Analysis Of The Jungle By Upton Sinclair

1294 Words 6 Pages
During the turn of the 20th century, the United States transitioned toward production by craftsmanship, to industrial machinery. Although the rate of production grew tremendously, issues between the citizens became observable. The Jungle, a powerful and eye-opening novel by Upton Sinclair, shows how the meat-packing industry ran off corruption and “modern” slave work. The upper class, politicians and factory managers, took charge of the hideous environment the working class labored in. Throughout the story, Jurgis Rudkus, a Lithuanian immigrant, experiences numerous obstacles with his family in the new country. All immigrating from Lithuania, the family encountered the obstacles through Capitalist competition and exploitation. As a dedicated …show more content…
When the family arrives to Chicago, they realized the importance of finding jobs and a home. With a total of eleven people in the family, including the six children birthed by Teta Elzbieta, having a stable income provides the family with all survival necessities. Due to the lack of education and English-speaking abilities, the adults only received low-wage, unskilled jobs in the factories of Packingtown, a small area within the city of Chicago. Each adult receive a job, which requires a massive amount of hours providing unskilled labor. The factory bosses did not give any level sympathy to the workers, including the family members. During a frigid winter months, when having a steady income directly correlated to survival, some of the factories shut down in result of broken machinery. In the novel, Durham’s factory, a canning production factory, closed and left Marija out of work. Likewise, the majority of the winter, Jurgis earned less than half of his expected earnings from working the slaughter beds. At this point, Jurgis starts to realize that the factories cheat workers out of sufficient pay. Jurgis analyzes the issue by noting “he could appreciate the bitter irony of the fact that it was precisely their size which enabled them to do it with impunity” (107). The realization that the …show more content…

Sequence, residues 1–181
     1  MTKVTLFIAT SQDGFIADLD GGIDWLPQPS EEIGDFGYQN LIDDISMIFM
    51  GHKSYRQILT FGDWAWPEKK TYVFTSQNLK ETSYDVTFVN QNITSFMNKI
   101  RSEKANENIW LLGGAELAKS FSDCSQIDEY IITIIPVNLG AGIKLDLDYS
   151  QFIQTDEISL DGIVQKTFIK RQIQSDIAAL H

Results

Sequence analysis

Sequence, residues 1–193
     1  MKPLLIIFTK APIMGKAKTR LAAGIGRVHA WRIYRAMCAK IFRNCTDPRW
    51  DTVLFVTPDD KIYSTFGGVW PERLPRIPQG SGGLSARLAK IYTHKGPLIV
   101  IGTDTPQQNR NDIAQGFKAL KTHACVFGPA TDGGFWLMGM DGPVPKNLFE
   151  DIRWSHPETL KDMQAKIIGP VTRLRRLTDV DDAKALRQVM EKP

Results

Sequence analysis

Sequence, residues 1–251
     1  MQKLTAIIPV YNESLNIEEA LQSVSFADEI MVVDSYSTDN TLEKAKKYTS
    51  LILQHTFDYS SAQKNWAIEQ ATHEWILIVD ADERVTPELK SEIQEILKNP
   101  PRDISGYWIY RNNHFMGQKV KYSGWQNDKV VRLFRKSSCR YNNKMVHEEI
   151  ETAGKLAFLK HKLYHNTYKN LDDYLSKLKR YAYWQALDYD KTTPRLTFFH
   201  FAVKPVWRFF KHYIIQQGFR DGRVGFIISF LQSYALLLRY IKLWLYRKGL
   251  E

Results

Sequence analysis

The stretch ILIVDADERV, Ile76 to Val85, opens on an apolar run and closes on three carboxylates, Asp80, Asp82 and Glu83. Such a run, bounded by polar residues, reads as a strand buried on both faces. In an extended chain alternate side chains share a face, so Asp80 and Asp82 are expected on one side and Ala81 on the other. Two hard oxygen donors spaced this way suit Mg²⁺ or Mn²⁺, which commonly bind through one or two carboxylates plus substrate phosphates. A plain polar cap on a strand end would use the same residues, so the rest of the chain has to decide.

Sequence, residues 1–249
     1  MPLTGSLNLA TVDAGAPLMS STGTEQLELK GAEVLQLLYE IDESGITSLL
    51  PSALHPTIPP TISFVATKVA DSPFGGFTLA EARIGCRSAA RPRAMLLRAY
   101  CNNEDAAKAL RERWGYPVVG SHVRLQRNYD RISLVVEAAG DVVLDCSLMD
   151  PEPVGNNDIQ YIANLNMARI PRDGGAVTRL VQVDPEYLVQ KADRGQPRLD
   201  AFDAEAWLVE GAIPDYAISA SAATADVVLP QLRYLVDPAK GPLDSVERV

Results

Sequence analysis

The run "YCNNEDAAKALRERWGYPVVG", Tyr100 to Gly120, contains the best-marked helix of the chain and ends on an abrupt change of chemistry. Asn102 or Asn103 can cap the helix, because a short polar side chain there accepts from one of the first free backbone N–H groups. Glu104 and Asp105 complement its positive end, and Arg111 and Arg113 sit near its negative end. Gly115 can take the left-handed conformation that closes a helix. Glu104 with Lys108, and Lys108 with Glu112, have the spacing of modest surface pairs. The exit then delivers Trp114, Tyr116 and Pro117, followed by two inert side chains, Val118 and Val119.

In order to live in the United States, the family needed to find a place to shelter out. At first, they paid rent to Mrs. Aniele Jukniene, who earns money by providing rental space for immigrants coming to the United States. When the family receives jobs and starts saving money, Jurgis recommends looking into buying a house for the family. Ona, Jurgis’ wife, does not like the idea of getting a house. In Lithuania, she acquired a greater amount of education about the United States compared to Jurgis, so her hesitation foreshadows a problem with the house they buy. The family set off to meet with the realtors for the houses. The house did not meet the expectations that the family wanted. After a few moments of debating and discussion, however, they agreed to sign the deed to the house. The first moment of exploitation came before the purchase ever occured. Jurgis wanted to buy a house in result of an advertisement he saw on the street. The label, translated to English, read “Why pay rent?...Why not own your own home? Do you know that you can buy one for less than your rent? We have built thousands of homes which are now occupied by happy families” (56). The realtors use this typical persuasion tactic to compete with other realtors that sell houses. In regard to Capitalism, competition can lead to unrestricted lying and loopholes. First off, two fine-print regulations in the deed caused uproar and

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